For reasons unknown, one of the large males decided to have a closer look at our group. He sauntered forward and headed straight for me. I was immobilized until the forest rangers moved the group back, not in fear, but out of respect.

He got so close. For some reason he liked me; another arms length and we would have been touching. After checking us out, he knuckle-walked back to the platform and disappeared. The show lasted for about 15 minutes, but it was - and will be - the most incredible 15 minutes of my life.

Unfortunately, there is a worldwide market for these animals. Hunters and smugglers shoot the females and capture the youngsters. Malaysia has very strict laws. A mandatory five-year prison sentence, confiscation of all property, plus a $30,000 fine for anyone caught endangering these animals.

Our next stop, very close by, was the rehabilitation and treatment center for the Orang Hutans rescued from the smugglers. Orang Hutans of all ages live in a colony next to the veterinarian hospital. Cages are present to treat the injured or those which became ill because of nefarious treatment. Hanging around in trees are several orang hutans. The forest rangers kept a close eye on both human and apes, keeping the two groups apart. When healthy, the apes can stay at the hospital or go back into the forest at will. There are no fences and the jungle backs onto the grounds.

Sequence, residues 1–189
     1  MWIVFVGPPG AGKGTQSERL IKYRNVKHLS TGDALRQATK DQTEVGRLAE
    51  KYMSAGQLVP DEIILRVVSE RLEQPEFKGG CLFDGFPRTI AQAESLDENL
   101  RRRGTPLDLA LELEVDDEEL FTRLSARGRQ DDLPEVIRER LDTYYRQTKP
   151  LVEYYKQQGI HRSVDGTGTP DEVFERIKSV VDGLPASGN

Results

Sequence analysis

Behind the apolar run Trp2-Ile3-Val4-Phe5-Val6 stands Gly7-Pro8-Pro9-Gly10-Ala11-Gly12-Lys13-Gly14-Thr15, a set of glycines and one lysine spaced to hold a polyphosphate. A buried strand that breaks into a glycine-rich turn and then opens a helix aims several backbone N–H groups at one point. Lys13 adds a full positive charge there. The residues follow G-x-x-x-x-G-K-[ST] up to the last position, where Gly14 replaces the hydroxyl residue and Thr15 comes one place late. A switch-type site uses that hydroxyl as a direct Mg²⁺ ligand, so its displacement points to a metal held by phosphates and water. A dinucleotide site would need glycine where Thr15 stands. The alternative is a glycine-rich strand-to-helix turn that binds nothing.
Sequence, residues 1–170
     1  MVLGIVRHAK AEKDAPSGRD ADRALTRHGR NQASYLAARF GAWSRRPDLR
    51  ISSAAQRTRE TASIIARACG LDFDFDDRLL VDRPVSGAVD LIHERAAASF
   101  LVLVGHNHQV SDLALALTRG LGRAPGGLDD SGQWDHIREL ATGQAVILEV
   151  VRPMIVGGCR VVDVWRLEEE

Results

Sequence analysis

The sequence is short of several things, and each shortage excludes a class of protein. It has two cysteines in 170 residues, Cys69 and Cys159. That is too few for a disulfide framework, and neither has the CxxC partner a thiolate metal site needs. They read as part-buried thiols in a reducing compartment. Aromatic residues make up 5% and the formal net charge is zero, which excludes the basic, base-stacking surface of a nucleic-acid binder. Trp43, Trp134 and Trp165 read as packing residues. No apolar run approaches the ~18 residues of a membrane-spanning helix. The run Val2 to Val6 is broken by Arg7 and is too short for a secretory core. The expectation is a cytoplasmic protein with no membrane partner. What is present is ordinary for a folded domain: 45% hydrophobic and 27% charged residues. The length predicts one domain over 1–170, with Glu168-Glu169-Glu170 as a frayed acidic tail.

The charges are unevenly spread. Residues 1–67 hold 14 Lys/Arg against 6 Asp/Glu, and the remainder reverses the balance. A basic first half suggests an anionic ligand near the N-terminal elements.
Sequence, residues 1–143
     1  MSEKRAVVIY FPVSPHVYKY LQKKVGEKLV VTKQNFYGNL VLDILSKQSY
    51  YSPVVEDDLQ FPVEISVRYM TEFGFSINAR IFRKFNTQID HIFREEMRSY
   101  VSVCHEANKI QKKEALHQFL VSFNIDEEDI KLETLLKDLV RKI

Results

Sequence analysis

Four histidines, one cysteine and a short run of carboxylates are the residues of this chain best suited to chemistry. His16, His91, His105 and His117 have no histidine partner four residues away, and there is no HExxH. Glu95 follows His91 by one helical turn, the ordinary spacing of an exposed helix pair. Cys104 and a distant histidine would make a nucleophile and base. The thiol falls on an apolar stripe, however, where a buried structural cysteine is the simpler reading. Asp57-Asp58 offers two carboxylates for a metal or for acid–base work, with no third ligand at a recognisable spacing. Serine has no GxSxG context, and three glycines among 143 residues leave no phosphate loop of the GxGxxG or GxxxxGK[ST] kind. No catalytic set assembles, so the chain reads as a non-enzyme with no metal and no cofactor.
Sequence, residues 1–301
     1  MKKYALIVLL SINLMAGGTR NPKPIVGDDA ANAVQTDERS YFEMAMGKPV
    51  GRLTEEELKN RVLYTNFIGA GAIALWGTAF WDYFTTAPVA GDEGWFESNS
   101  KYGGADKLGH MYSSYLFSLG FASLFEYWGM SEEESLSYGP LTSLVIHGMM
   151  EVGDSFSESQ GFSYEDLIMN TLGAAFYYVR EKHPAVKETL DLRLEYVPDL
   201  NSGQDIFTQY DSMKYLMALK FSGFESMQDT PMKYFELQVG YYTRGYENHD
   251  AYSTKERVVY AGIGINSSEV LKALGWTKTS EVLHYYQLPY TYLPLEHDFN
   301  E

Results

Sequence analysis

Unfortunately, the Orang Hutans prefer to stay. Very few wander back into the forest to resume their former life style. And why should they? Food and water are plentiful. There are humans who come every so often to entertain them. Attempts to relocate some individuals deeper into the forest have resulted in disaster. The animals were found dead, unable to adapt.

At first I was very skeptical of the term eco-tourism. For me, it held the idea of a group of westerners playing Tarzan in a Hilton environment with Paris serving the drinks. I found that part is certainly true. My daughter and I stayed first at a Holiday Inn and then at the Hilton, both for under $80 per night. We took a van to the sites and returned to the luxury, recounting our close adventurers with the King Kong's of the area.